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2011 African Languages Initiative (AFLI) Swahili and Yoruba Domestic Summer Programs  
Institution name: University of Florida
Address: 1828 L Street NW Suite 1200
Gainesville, FL 326115560
Telephone: (352) 392-2183
Fax: (352) 392-2435
Web address: http://africa.ufl.edu/african-languages/afli/
Name: Dr. Charles Bwenge
Title: Swahili Domestic Program
Email: cbwenge@ufl.edu
Telephone: (352) 392-2183
Purposes and goals of the program:
The 2011 African Languages Initiative (AFLI) Swahili and Yoruba Domestic Summer Programs are hosted by the Center for African Studies, University of Florida, on behalf of the American Councils for International Education in collaboration with Summer Cooperative African Language Institute (SCALI). The programs expose learners to the culture and traditions of the languages both inside and outside the classroom. Instruction is performance-based and communication-oriented, provided by expert and native-speaking instructors.

The programs are open to students of all majors and designed to assist qualified students to reach functional proficiency in their language of choice in two or more skills (reading, writing, speaking, or listening) in preparation for overseas study.
Program origin:
Program funding:
SCALI is a cooperative effort of the Association of African Studies and the following Title VI National Resource Centers for Africa, funded by the U.S. Department of Education:

African Studies Center, Boston University

Committee on African Studies, Harvard University

African Studies Program, Indiana University

African Studies Center, Michigan State University

African Studies Program, Ohio University

Center for African Studies, University of California - Berkeley

Center for African Studies, University of Florida

Kansas African Studies Center, University of Kansas

African Studies Center, University of North Carolina - Chapel Hill

African Studies Center, University of Pennsylvania

African Studies Program, University of Wisconsin-Madison

Council on African Studies, Yale University
Languages/dialects taught:
  • Swahili
  • Program type:  Summer Program
    Average enrollment:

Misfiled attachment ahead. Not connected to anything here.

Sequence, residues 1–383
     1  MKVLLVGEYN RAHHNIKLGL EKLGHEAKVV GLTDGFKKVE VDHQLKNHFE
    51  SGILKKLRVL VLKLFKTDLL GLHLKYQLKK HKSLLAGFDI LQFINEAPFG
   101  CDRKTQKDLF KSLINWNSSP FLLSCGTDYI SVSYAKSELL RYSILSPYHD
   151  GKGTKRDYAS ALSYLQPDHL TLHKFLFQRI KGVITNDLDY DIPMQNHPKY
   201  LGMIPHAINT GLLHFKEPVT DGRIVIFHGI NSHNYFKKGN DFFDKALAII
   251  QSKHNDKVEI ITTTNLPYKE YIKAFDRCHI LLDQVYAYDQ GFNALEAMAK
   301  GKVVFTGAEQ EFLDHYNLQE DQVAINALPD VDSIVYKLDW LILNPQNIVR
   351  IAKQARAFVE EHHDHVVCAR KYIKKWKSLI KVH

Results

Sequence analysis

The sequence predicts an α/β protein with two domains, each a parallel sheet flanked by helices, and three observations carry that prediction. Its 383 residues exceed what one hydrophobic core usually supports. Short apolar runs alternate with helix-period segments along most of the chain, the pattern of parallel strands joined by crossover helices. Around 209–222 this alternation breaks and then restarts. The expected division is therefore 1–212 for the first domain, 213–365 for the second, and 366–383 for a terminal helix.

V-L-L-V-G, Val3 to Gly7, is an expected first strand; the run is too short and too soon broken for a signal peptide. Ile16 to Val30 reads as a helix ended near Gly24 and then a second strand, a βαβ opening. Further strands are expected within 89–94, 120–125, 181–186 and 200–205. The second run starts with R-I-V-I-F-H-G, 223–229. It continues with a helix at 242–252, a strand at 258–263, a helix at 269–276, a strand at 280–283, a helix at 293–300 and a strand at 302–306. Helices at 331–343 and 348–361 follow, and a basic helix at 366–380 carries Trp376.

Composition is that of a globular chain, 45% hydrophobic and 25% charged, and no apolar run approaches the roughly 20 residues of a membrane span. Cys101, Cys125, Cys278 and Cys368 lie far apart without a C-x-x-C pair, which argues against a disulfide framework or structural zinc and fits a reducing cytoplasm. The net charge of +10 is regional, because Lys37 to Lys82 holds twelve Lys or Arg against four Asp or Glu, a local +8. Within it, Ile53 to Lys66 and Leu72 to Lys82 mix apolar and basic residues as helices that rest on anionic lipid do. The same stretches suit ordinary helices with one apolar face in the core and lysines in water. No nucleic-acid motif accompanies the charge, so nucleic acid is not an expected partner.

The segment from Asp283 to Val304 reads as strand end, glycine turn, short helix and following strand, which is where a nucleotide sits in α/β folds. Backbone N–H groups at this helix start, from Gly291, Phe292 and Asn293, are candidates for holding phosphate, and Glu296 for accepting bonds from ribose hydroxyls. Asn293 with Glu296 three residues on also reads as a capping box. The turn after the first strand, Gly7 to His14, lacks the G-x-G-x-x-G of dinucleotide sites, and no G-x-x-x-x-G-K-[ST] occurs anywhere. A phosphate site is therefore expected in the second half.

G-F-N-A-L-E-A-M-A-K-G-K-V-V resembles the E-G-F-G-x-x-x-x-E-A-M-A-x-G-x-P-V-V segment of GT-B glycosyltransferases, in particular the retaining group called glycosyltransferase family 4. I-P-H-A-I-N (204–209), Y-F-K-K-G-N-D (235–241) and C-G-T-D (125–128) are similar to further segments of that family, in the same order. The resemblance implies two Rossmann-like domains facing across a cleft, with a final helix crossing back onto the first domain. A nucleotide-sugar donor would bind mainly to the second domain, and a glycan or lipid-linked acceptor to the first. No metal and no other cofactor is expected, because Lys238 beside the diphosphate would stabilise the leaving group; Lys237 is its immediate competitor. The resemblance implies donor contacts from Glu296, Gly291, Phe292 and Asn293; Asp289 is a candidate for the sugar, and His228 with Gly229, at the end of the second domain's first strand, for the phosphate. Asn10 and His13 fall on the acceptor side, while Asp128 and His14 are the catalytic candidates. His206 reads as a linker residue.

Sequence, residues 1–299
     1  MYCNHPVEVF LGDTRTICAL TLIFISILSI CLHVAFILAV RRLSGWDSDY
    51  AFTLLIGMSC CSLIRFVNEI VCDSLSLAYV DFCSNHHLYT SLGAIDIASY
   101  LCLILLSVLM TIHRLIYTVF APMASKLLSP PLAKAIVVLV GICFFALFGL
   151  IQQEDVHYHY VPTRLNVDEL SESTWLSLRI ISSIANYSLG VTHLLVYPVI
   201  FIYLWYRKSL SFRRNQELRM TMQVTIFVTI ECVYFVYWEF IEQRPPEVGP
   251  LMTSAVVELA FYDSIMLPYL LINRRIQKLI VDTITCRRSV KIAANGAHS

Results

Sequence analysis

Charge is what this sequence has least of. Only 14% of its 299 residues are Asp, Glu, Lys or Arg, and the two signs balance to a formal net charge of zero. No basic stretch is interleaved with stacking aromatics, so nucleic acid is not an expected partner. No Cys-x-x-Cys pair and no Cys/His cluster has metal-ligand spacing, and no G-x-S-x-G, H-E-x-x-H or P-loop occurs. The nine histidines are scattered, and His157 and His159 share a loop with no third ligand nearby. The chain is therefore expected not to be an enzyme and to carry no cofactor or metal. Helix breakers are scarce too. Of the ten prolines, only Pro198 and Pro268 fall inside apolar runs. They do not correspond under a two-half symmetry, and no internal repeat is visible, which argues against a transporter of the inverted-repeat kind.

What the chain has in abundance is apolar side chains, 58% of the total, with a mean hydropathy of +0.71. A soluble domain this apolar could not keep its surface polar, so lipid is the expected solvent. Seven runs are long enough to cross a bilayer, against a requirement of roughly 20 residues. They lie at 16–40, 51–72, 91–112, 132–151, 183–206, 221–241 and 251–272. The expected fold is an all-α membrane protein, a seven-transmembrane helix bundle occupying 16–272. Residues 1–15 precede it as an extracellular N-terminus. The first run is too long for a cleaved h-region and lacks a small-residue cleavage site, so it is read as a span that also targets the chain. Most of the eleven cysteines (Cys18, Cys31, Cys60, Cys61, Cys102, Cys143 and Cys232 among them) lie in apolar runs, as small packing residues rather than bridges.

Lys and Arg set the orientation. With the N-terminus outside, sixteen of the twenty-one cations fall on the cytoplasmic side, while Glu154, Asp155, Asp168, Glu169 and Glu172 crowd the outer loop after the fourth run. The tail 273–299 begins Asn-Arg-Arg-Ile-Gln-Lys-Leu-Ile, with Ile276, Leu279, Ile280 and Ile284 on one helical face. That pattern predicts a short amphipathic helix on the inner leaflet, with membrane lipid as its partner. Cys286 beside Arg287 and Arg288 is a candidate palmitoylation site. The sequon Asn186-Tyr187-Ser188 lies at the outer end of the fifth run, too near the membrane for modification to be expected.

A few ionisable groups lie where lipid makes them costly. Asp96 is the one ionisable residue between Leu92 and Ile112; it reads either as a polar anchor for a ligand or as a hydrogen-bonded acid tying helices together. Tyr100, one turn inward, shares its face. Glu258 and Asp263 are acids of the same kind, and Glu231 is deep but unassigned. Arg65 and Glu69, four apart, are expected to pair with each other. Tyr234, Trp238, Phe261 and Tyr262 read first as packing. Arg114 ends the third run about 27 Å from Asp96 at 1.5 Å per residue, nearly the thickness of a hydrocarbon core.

Total contact hours per week: 30
    Times per week classes meet: 5
    When meetings take place:
    Meetings take place on weekdays. In addition, students spend every other weekend with a host family in order to converse in the target language.
    Where meetings take place:
    Parents' or guardians' expectations of the program:
    Parents' or guardians' involvement in the program:
    Instructors' expectations of the program:
    Number of instructors in the program
    Full-time instructors:
    Part-time instructors:
    Volunteer instructors:
    Languages in which instructors are proficient:
    Educational backgrounds and credentials of instructors
    (e.g., diploma, bachelor's, master's, doctorate, certificate):

    Professional development opportunities instructors have:
    Professional development opportunities instructors need:
    Students' expectations of the program:
    Student background
    First-generation immigrants:
    Second-generation immigrants:
    Third-generation immigrants:
    Children of interethnic marriages:
    Children of interethnic adoption:
    Indigenous students:
    Students' countries of origin:
    How the program identifies heritage language speakers:
    Average enrollment:
    Approximate percentage of students who complete the program:
    Approximate percentage of students who continue to study the heritage language after completing the program:
    Possible reasons that students continue to study the heritage language after completing the program:
    Total contact hours per week: 30
    Times per week: 5
    Student grouping (e.g., proficiency level, grade, age):
    Students are grouped based on proficiency in the language.
    Language skills taught in the program (e.g., reading, writing, speaking, and listening):
    Based on their proficiency level, students are taught conversational skills, reading, writing, speaking, and listening.
    Aspects of culture included in the program (e.g., history, literature, traditions):
    Other content taught in the program:
    Instructional methodologies used in the program:
    Levels of language proficiency reached by the end of the program (e.g., ACTFL proficiency levels, language tasks able to perform):
    Manuals and workbooks:
    Self-designed materials:
    Films, videos, and DVDs:
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    Connections with local schools or other organizations:
    Credit received from formal education system:
    Students earn course credit equivalent to one academic year of instruction.
    Types of support received (e.g., financial, time from parents or volunteers):
    Students are encouraged to seek financial assistance from their home institution and other sources. Possible funding sources include Title VI Foreign Language and Area Studies (FLAS) Fellowships both for graduate students and undergraduate students. FLAS provides a stipend of $2,500 and covers tuition costs. Funding is also allowed depending on availibility of funds. A FLAS award is not a requirement to attend SCALI.
    Additional support desired:
    Challenges faced by the program:

    Although only the Swahili and Yoruba classes encourage participation of heritage language speakers, the program also offers courses in the following languages: Akan, Amharic, Arabic Igbo, Hausa, Pulaar, Setswana, Somali, Swahili, Wolof, Xhosa, and Yoruba.

    Updated by Carmen Winkler on 11/10/2017